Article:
The torment of poor Flurry continues…

This is Flurry’s second session with Oriane.

I really think there is already an improvement.

For sure, there was a bit of this…

and this…

but she just keeps quietly insisting that he yields to her before she yields to him.

– that’s clearly where I go wrong! “Aw, he’s tired, I’ll just give him a nice long rein now…”

I’m pretty pleased with this.

And he hasn’t put a hairy little foot wrong.  Even when his buddy Quieto, who was doing groundwork in the arena, got very excited about the fact the Flurry was cantering.

Either the Hilton Herbs detox is helping Bigtime or he knows that he won’t get away with any shenanigans with Oriane.

Or both?


In which I allow someone to ride Aero…

Aero is precious to me.  I was there when he slid out of his mother and I hope to be there when he draws his last breath.  He has been a true and loyal friend to us all his life, doing everything we asked of him willingly and with a smile on his face (well, happy ears, anyway).  I am VERY VERY fussy about who I will allow on his back.

They must be lightweight.

They must be capable riders.  He is extremely well-behaved, but he’s also extremely bouncy when he trots.  Anyone who can’t stay balanced on him is going to spiral into an ever-increasing circle of tension and bounciness.  I am NOT going to have someone bouncing all over his ageing back.

They must accept that he’s not going to have a bit in his mouth.  I’ve made him a promise, you see.  He had been trying to tell us for years that he doesn’t like bits.  This was the only naughty thing he ever consistently did – clamped his mouth shut when the bridle approached his head.  Once I started riding him in a halter, I could feel the relief in him – and a developing confidence that I would listen to him and heed his opinions on certain subjects.

A friend spoke to me ages ago about a horsey Englishwoman who had a house in Reillanne.  “I think she does racing, or something like that,” she told me.  Ah, the non-horsey friend.  So cute.   “Endurance riding?” I suggested.  “Yes, that’s probably it.  Something like that anyway.  I must introduce you.”

Several months later, she invited us both to a dinner party at her house, where I met l’Anglaise for the first time.  We got into horse-talk straight away and blabbered away for the evening.  As you do, when you meet a fellow horse nut.

It turns out that she’s not an endurance rider.  She’s done eventing, dressage and retrained racehorses (maybe that’s where the “does racing” notion came from?).  She was keen to come up and meet my guys, see the farm and meet Alexandrine and her family, but she wasn’t pushing to ride.

She came up a couple of times, helped me with feeding and stable duties, watched while Aero and Flurry did some of their Equifeel stuff.  She has two horses in the UK and is thinking about bringing them down here, so she was really happy to see how my guys have adapted.  She was also curious about the trails for riding.  The easiest thing to do was take her out for a hack, but…

Normally, I put ‘visiting riders’ on Flurry.  He’s wide and comfortable, and usually 100% laid back.  But it’s acorn season right now, and he’s not dependable.  Too much energy.  L’Anglaise is a wee bit older than me, and Aero would be the safer of the two.  But what about my strict criteria?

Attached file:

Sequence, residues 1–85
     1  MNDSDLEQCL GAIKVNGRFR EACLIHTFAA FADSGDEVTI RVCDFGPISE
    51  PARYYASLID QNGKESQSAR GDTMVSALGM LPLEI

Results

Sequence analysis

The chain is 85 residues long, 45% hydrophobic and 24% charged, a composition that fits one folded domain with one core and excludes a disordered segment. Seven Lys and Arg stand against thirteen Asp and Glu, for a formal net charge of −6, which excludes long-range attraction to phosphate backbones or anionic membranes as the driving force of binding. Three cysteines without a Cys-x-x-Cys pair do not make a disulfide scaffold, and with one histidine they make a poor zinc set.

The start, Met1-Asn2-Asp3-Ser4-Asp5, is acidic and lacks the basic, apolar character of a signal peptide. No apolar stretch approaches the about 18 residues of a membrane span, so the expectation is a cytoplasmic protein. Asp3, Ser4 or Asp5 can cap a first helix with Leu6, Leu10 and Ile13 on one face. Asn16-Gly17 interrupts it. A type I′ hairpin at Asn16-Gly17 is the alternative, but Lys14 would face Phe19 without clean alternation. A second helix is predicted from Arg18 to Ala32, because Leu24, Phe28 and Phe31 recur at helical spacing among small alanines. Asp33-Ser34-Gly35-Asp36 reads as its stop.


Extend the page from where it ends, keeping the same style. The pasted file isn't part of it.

L’Anglaise is petite and slight.  Definitely not too heavy for Aero.  Having talked to her extensively about her horse experience, I was pretty sure she wasn’t bluffing.  We’ve all met them – “Oh yes, of course I can ride.  Any horse, any speed, any terrain.”  And it turns out they’ve done a week’s trekking in Connemara on a safe-as-houses armchair cob. I came to the conclusion that l’Anglaise is not one of those.

The third criteria – no bit – did not phase her at all.

So l’Anglaise became just the fourth person to ride Aero since he arrived here five years ago.  The others are Alexandrine (once), Tansy and me.

To be honest, I think he’s a bit too placid for her…

In which poor Flurry has to do some work…

Every Autumn, I face the same challenge.  Hundreds and thousands of acorns falling from the tree, and a fat dun cob who likes to eat them.  The theory around here is that, if a horse is eating small amounts of acorns all the time, his system gets used to them.  I’m not convinced, and I have both my horses on Hilton Herb’s detox to try to support their liver and kidneys through this period.

But in addition to the toxicity issue, acorns are full of fats and carbohydrates (almost 50/50, with a small percentage of protein), which blow Flurry’s mind, to the extent that he becomes quite unpredictable at this time of year.  Move your horse away from the acorns, I hear you say?  Where to?  We are surrounded by a huge oak forest, and all of the paddocks have lots of scrub oaks plus a few bigger ones for shade.  And I really, really don’t wish to leave the farm… we are all happy there.

So this year, I have decided to accept the fact that my dodgy back is not capable of working Flurry well enough or hard enough to keep him sane at this time, and I’ve asked Oriane to ride him a couple of times a week.  Today was the first time.

She worked on yielding to the rein… whereas I make excuses like “Poor Flurry is built downhill, of course he’s heavy on the hand,” she just insisted that he yield to her before she softened the rein.

She worked on going forward – not his favourite thing.

She worked on left bend – he loves to block his left shoulder and go “I CAN’T!”, but she insisted.

She did plenty of canter work – the most I can do is a couple of circles on each rein, and it never feels like I’ve worked him in canter.

Poor Flurry worked up a sweat for the first time in ages.

But I think this will do both of us a lot of good.